Why December 25th?

It probably had nothing to do with co-opting pagan holidays

Many of us learned Christians set the date of Christmas to co-opt pagan holidays. Both the Roman Saturnalia festival and Sol Invictus, the Feast of the Unconquered Son, fell around December 25. Christians could claim Christ was the unconquered son and draw people into their religion.

This theory really did not develop until the twelfth century and only took off after the 18th century. The earliest records of the still developing church show two things. First, the early church did not celebrate Christ’s birth, but his death and resurrection. Second, when the church did start celebrating Christ’s birth, the church had its own reasoning completely unrelated to pagan holidays.

To understand why the church celebrates Christ’s birth on December 25th you must first understand that to the early church it was Christ’s death and resurrection that were of gravest importance. According to Andrew McGowan of the Biblical Archaeology Society, "Around 200 A.D., Tertullian of Carthage reported the calculation that the 14th of Nisan in the year Jesus died was the equivalent to March 25 in the Roman calendar.”

Christians and Jews at that time held as fact that a prophet died on the same date of his conception. In other words, if Christ died on March 25, he would have been conceived on March 25 too. Go nine months out and you would land on December 25 as his date of birth.

Concurrent to that theory was another one. Zacharias, John the Baptist’s father, was in the priestly division of Abijah. Knowing the division of priest in the temple in Jerusalem when it fell to the Romans in 70 A.D. and assuming an unbroken chain, early church historians counted backwards and concluded Zacharias would have been in the temple in October. The Bible tells us that after Zacharias left the temple, his wife conceived John. Luke 1:25-26 notes that six months later Mary conceived Jesus.

That would put Mary conceiving Jesus around March 25, which other early church leaders had already established as his date of death. The two separate calculations confirmed each other to early church leaders who could then set Christ’s birthday as December 25.

The earliest known records of setting Christ’s birthday come in 200 A.D., one thousand years before any documented suggestions that Christians set his birthday to correspond to pagan holidays. By 300 A.D., Christians throughout the world were celebrating Christmas on December 25th because it fell nine months after the date they had set for his crucifixion. Within 100 years it had become a formal church celebration.

Most scholars reject the idea that Zacharias was in the temple in October the year Gabriel appeared to him. Further, modern scholarship suggests Christ may have been born in the spring. One is able to conclude the early church got it wrong. But it is also important to note that they thought they had it right and they set the date of Christmas for reasons entirely unrelated to Roman pagan holidays.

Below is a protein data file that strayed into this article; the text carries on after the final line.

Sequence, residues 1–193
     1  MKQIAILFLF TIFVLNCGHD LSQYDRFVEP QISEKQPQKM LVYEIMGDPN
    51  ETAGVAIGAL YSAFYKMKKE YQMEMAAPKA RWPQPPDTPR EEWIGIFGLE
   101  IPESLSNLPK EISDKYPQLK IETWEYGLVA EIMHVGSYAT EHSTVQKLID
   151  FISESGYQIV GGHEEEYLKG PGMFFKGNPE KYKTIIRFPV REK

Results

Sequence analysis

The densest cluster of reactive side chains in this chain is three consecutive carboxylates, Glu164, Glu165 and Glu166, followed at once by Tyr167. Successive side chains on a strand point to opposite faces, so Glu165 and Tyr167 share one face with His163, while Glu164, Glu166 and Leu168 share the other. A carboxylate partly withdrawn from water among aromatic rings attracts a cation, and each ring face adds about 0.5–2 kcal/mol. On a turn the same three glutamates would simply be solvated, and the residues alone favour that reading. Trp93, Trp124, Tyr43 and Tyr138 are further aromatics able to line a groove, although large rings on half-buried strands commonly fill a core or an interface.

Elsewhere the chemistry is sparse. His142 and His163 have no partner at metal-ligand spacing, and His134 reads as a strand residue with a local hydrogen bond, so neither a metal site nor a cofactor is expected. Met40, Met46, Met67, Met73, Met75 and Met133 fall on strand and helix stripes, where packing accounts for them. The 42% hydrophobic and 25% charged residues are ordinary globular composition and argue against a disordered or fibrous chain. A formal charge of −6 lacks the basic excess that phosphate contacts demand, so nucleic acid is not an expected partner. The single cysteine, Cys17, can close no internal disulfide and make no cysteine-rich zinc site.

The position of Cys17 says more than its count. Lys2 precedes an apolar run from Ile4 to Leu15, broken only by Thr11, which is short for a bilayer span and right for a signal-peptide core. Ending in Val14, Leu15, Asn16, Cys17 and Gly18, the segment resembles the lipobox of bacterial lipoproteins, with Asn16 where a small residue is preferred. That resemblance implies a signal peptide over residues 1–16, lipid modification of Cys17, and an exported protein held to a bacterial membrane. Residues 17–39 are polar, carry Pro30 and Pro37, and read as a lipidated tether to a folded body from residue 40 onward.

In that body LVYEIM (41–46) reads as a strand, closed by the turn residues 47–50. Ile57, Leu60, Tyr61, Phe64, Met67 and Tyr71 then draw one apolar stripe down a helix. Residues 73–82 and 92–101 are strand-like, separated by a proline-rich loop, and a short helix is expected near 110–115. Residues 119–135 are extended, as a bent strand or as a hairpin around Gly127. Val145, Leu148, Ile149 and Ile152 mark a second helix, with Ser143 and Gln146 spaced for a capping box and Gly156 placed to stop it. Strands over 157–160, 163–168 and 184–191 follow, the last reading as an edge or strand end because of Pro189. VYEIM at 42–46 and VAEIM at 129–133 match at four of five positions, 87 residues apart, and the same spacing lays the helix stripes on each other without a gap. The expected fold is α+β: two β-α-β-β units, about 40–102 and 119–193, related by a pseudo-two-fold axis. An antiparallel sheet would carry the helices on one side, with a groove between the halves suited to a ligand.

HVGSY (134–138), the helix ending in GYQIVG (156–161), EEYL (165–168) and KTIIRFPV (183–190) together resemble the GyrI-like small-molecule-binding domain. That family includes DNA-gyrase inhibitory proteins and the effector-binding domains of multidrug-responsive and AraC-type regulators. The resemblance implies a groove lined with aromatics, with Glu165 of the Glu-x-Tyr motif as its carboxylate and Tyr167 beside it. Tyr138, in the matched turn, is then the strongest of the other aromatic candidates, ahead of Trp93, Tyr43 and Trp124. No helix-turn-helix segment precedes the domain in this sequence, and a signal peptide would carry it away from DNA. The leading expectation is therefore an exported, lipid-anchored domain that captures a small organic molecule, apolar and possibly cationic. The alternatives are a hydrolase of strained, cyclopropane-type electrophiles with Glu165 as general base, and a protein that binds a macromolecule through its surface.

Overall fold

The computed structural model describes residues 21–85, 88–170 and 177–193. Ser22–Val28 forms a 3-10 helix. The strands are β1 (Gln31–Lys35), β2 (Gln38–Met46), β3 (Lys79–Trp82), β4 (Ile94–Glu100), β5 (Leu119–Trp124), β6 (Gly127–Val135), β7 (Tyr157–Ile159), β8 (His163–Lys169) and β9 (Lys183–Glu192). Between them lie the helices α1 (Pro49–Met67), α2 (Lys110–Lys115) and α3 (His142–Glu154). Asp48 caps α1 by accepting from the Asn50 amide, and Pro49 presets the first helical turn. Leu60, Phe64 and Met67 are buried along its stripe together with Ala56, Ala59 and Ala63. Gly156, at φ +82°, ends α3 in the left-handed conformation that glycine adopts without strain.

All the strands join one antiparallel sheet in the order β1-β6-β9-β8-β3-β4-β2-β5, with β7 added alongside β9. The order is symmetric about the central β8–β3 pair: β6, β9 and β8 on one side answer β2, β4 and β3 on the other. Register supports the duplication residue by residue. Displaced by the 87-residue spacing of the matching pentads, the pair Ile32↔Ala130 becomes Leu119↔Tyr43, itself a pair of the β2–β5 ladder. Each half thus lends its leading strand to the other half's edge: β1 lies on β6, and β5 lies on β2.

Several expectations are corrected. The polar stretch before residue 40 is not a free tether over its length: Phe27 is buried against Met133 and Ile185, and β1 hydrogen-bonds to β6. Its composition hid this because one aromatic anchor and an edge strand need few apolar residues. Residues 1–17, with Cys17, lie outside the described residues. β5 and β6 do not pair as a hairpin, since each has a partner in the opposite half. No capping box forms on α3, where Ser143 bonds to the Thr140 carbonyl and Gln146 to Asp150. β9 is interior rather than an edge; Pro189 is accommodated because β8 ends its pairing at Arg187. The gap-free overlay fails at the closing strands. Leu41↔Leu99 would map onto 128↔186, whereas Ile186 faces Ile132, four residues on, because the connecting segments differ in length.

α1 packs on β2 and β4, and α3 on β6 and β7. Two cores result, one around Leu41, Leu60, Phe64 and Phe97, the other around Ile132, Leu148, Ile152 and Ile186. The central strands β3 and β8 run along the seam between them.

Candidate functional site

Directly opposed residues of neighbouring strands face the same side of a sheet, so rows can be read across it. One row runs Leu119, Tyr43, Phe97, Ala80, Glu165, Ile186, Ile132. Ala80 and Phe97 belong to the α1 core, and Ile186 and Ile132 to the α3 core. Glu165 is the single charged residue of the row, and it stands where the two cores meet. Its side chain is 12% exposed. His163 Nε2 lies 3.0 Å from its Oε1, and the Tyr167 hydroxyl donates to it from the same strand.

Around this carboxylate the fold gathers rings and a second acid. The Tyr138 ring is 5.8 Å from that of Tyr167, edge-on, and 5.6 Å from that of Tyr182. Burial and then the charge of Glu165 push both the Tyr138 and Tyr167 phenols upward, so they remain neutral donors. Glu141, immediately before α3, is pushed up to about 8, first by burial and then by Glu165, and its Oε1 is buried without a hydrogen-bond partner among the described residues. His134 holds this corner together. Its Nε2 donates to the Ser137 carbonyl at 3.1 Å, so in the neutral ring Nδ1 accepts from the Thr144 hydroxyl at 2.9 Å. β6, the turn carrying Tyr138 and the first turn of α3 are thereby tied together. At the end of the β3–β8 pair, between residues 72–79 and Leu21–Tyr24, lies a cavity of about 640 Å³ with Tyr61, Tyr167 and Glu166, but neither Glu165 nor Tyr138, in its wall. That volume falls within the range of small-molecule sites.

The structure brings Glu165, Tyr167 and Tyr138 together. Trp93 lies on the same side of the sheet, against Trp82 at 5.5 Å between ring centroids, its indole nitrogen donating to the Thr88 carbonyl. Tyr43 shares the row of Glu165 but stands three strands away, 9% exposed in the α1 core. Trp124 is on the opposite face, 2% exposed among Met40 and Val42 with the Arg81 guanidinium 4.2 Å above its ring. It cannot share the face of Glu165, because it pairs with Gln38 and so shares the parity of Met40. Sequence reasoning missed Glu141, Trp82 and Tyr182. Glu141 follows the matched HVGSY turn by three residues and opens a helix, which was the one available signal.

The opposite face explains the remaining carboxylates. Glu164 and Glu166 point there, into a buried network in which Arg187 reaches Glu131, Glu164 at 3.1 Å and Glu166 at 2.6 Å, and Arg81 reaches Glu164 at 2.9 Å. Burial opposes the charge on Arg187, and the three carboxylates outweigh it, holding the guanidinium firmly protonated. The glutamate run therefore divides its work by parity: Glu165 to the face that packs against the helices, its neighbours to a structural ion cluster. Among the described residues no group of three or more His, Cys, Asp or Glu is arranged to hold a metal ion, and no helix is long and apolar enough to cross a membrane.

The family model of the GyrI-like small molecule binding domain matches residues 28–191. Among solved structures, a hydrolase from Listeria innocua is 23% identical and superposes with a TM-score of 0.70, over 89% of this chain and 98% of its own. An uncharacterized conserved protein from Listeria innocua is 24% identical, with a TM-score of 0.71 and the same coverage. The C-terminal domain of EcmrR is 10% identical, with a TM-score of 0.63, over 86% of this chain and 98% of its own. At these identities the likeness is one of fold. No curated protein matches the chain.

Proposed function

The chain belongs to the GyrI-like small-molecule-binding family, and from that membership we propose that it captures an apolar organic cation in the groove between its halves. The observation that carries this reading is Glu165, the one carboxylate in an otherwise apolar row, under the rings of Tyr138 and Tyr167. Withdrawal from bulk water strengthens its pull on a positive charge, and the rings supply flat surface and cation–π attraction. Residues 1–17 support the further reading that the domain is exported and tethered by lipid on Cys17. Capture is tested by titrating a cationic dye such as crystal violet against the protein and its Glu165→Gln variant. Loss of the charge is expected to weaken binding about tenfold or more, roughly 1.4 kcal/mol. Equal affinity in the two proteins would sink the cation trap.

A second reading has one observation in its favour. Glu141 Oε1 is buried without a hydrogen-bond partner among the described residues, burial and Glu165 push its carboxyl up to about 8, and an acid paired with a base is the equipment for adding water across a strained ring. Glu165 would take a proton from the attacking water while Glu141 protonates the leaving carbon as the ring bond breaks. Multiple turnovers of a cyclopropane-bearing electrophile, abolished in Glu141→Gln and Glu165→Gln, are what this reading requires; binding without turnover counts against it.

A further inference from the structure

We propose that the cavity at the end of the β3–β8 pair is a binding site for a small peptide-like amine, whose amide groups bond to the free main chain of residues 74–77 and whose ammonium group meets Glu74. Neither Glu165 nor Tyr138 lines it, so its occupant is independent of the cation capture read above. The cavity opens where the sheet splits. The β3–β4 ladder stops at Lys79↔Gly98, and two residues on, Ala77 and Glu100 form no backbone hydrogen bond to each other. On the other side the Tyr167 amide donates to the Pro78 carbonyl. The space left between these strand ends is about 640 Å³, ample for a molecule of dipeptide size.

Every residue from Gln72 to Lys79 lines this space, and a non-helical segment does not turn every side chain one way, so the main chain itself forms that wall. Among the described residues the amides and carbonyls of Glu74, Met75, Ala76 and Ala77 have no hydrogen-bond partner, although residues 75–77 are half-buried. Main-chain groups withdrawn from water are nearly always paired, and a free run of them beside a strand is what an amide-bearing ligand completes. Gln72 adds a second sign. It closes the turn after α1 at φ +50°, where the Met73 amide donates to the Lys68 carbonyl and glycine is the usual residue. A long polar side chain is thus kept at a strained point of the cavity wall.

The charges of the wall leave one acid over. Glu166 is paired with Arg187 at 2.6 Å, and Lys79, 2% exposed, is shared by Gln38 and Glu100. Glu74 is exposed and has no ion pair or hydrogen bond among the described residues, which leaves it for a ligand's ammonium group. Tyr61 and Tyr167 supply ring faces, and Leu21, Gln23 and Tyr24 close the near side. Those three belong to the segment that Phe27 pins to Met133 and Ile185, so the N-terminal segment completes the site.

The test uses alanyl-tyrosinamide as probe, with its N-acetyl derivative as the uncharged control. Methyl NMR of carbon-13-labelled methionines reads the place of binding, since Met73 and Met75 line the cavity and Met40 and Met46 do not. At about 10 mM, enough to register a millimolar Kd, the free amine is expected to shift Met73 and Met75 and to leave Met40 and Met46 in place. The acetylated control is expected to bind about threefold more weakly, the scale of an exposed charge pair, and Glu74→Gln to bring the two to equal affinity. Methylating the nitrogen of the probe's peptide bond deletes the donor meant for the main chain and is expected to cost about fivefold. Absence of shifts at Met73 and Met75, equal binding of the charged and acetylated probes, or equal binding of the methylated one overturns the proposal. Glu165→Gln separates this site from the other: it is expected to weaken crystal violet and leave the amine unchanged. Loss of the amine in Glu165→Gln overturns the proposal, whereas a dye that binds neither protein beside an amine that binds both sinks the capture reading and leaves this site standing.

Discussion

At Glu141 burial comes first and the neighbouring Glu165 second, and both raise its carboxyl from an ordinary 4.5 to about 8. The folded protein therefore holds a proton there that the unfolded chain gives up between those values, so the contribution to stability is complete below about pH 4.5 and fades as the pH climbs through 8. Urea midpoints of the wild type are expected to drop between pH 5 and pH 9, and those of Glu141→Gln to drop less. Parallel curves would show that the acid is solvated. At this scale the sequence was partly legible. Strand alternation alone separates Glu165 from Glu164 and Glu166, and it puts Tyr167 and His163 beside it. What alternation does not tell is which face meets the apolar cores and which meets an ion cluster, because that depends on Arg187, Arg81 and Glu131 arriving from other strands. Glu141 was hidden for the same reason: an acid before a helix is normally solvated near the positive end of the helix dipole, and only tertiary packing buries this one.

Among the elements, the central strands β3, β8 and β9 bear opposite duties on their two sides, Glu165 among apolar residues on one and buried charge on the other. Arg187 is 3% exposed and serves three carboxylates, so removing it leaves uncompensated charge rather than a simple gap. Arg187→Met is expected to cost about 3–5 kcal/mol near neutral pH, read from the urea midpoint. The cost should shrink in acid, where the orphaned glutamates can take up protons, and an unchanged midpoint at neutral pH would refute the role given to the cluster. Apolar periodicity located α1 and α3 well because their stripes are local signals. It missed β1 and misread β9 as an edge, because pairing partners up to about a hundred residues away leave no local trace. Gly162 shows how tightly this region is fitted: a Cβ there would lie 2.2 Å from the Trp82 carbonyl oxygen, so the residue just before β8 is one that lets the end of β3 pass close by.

The more significant point is not when Christ’s birthday actually is, but that Christ himself exists. Many atheists wish to write Christ’s existence entirely out of history. To do so requires an extraordinary number of other people to be written out of history too. For me, about the only thing fraudulent this Christmas season will be the words of “Silent Night.” Between a new born baby and the heavenly host singing, there was nothing silent about that first Christmas.

Comments
No. 1-9
Dave_A
Dave_A

I had always heard that Christmas started after the fall of Rome, and that it was put on Dec 25th to break up the most depressing and dreary (back then downright deadly) few months of the year (eg, be smack in the middle of European winter) with a feast....

We have removed most of the other feasts & celebrations of that era from our cultural & religious calendars... But back then, having something to look forward to besides counting how much not-spoiled food was left until spring...

USNinja
USNinja

Human gestation period is not 9 months, it's 280 days or 40 weeks. Unless you're saying Jesus is a premature, a March 25th fertilization date would give a birth date of January 4th. I hope this will stop Erick from continuing with false information.

centerright
centerright

I had once heard the Christ was born on the equivalent of April 1st. I've never been able to verify this through another source.

Part of me wishes Christmas would return more to celebrating Christ, and be less about the frenzy of presents and shopping.

One thing I think we can all agree on is what's most important is that Christ exists, as alive now as 2,000 years ago.

Oregun
Oregun

Actually the feasting, caroling, gift exchanging, tree decorating etc. are all saturnalia. The sychrotism is glaring and as far as you can get from sound doctrine and practice. All times when those things were important the practice fell away with the other synchrotism with idolotry. The covenanters had a saying " No king but king Jesus and no day but the Lords day. "

Patriot1
Patriot1

Is it possible that the reason we don't know when he was born is because the date is not important? Maybe the date was kept from us and it's not focused on in the Bible because we were never supposed to celebrate it. The church was given two ordinances: baptism and the Lord's supper. Those are the ones that we are told to observe and a lot of churches hardly ever remember the Lord's death.